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I'm in the process of finishing and delivering a web development project. The contract specifically specified that client is responsible for adding all content and installing. The deliverables specified are the WordPress theme. I ended up using a lot of content from their existing site because I needed it to make sure everything worked as promised.

I also included 30 minutes of training to show them how to use the custom dashboard I created. I did the training yesterday and gave the client an admin login so they could inspect my work. I offered to do a staff training session at an additional hourly rate ( original agreement was project priced) and also include the database to use as an example on how to add the content. The client declined and said they would handle the training.

They mentioned they were going to do some training today and didn't even ask if they could use my server and installation. I just got 3 emails that new admin accounts were added and it looks like they started migrating some content.

Should I tell them that it will be an extra charge for the database or bill them for using the server? This has been one of my largest projects and first time to encounter this situation. What's the professional thing to do without letting them take advantage of me and keep the relationship intact?

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So the problem is, they're adding content on the version that you're hosting, rather than installing it on their server as they agreed? –  Satanicpuppy May 26 '11 at 21:16
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3 Answers

up vote 12 down vote accepted

Let it go. Doesn't sound like a big enough deal to potentially sour an assumed good relationship over. If it really bothers you, then revoke their admin access now that they have had time to inspect your work.

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+1 for "Revoke admin access." Never give out admin rights in the first place. –  Satanicpuppy May 26 '11 at 21:58
    
Agreed it's not really a big deal and I just spoke with them about an additional feature required and they said just bill us for the additional hours. –  Chris_O May 26 '11 at 22:59
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@Chris_O suggest you offer to set up a separate training server for them so they don't accidentally interfere with production/your work - for a nominal fee of course –  Steven A. Lowe May 27 '11 at 3:08
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Bring it up casually, and see what they want to do with it. I would say something like 'BTW, I noticed you've been using my test server. Is that just for this week(?) of training or will you use it more regularly, because then we should make some hosting arrangements.'

That way you're not too aggressive about getting every last penny from then, but also limit the duration of your free service and possible broaden your relation with them to hosting. If you don't want to do the hosting yourself, you can bring their business to a partner, who might repay you someday with some business of his own.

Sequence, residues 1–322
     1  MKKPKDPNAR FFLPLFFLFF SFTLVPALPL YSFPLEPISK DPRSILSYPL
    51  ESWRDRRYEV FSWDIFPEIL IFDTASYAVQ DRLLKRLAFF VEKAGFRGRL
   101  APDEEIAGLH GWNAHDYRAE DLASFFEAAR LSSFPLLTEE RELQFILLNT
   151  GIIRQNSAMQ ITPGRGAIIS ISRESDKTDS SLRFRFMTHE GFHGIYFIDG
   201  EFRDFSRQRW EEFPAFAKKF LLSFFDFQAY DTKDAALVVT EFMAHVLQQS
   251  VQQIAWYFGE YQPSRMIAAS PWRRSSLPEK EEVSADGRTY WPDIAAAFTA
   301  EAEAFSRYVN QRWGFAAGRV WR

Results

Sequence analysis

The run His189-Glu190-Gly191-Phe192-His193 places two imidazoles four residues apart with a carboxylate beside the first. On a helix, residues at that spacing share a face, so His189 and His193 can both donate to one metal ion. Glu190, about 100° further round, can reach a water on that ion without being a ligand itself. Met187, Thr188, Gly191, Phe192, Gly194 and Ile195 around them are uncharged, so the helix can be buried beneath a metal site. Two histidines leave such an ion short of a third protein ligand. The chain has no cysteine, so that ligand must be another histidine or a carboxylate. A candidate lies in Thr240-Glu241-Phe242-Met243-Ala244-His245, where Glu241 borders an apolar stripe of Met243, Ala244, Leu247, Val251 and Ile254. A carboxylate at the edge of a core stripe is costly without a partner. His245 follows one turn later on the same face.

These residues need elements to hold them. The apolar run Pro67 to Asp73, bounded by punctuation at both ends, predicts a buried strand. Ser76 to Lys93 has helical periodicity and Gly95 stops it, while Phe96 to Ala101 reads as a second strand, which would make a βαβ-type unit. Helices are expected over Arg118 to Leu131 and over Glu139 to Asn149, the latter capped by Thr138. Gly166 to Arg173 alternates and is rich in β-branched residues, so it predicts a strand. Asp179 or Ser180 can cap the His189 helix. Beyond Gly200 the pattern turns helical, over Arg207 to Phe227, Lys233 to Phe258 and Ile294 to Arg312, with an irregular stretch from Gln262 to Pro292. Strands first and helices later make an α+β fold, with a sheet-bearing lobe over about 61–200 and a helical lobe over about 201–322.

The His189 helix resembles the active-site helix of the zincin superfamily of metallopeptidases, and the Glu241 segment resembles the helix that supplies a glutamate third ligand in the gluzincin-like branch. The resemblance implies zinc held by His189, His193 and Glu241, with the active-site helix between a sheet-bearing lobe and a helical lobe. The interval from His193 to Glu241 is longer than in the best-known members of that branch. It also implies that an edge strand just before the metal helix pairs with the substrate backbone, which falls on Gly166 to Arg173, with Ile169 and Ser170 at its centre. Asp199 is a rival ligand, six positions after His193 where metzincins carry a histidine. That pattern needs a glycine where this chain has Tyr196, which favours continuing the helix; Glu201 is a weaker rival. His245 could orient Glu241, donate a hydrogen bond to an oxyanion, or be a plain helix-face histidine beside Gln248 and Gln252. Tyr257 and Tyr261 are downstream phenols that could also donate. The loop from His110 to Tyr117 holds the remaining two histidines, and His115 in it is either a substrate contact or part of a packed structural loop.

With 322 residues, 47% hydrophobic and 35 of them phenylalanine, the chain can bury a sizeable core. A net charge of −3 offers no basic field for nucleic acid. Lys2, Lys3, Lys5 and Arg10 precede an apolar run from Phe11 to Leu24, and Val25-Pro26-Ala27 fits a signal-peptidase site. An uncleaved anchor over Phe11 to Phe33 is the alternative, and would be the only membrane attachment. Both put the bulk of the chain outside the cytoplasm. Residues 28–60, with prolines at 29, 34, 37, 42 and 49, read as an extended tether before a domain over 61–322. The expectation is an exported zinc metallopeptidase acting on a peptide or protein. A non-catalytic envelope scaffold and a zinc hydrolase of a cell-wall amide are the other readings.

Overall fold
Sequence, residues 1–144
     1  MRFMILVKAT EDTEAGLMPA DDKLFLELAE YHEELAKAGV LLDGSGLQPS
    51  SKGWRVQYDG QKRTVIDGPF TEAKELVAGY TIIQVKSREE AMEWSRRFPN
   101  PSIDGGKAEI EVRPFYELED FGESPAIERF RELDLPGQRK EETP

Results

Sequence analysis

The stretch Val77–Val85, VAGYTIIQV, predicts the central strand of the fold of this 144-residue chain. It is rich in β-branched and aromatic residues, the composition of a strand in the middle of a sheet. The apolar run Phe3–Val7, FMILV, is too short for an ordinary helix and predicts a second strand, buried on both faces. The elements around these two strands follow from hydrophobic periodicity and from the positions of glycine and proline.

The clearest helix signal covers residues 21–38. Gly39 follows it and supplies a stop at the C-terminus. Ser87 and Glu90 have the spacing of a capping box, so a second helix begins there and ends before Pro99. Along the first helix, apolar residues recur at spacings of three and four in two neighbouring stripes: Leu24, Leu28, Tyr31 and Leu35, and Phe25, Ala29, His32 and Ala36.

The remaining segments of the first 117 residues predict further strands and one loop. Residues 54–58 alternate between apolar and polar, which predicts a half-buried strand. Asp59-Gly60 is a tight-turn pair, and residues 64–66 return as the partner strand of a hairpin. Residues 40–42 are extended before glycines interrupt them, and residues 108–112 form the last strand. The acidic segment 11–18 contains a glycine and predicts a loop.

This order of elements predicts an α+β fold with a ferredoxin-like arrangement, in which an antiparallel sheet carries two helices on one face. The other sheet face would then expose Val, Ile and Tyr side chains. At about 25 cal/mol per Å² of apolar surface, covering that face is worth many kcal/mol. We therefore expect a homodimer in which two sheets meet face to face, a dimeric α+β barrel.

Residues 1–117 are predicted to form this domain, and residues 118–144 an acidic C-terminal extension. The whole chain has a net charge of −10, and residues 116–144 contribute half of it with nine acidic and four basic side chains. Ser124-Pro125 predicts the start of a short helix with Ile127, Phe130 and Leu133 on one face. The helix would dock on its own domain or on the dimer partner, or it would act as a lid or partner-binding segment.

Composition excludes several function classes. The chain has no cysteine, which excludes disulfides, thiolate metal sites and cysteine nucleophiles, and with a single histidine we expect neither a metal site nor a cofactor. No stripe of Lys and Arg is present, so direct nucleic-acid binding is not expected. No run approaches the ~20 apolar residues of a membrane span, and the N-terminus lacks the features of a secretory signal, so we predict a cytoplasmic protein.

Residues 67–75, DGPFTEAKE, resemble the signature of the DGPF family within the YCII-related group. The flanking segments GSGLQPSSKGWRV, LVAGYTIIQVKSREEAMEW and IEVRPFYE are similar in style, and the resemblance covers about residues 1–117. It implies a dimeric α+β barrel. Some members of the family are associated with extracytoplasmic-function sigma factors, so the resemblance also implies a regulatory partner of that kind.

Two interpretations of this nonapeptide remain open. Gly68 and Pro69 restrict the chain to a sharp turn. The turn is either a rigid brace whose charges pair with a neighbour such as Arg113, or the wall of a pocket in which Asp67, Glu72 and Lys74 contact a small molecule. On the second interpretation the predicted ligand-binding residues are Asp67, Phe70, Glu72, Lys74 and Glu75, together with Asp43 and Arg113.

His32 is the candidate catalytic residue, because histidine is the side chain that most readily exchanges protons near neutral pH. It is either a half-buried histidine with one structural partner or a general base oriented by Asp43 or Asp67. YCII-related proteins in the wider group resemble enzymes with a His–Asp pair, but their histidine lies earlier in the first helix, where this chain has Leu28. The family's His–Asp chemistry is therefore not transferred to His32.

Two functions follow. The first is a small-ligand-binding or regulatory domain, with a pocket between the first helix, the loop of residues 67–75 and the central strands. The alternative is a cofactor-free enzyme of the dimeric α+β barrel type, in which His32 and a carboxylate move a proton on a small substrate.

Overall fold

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+1. The informal approach, with a lead into a formal agreement (with charges), if done correctly, has little chance of upsetting the customer. Put yourself in their shoes, you gave them an admin account and they are using it. Fair enough I say unless you were explicit when the account would be shut down. –  mattnz May 26 '11 at 22:13
    
Thank you for the advice. It worked out and they are paying for some additional services. –  Chris_O May 26 '11 at 23:00
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I always specifically write into contracts that the client is responsible for their own hosting. I hope you have a similar condition in yours (you only mention content and installation in the question).

Assuming you do, I would simply send a polite e-mail asking them if they are satisfied with the result, and reminding them that if they are finished testing/inspecting then they will need to acquire their own server or hosting plan in order to put it into production. Then disable the extra admin accounts they created (but not the original one).

If they persist in using your server that way even after a polite warning then (and only then) would I revoke all of their privileges. Unless you are somehow incurring direct costs from their usage of the service then there is no justification for trying to bill them extra.

Who knows - maybe in the client's mind, this is still part of the acceptability testing. Far better to sort out such a misunderstanding with a calm reminder than to go in with guns blazing.

(P.S. I'm assuming that "admin" means an administrator of your product; if you've given them server admin rights then you should revoke those immediately. Only give them the privileges they actually need for testing purposes!)

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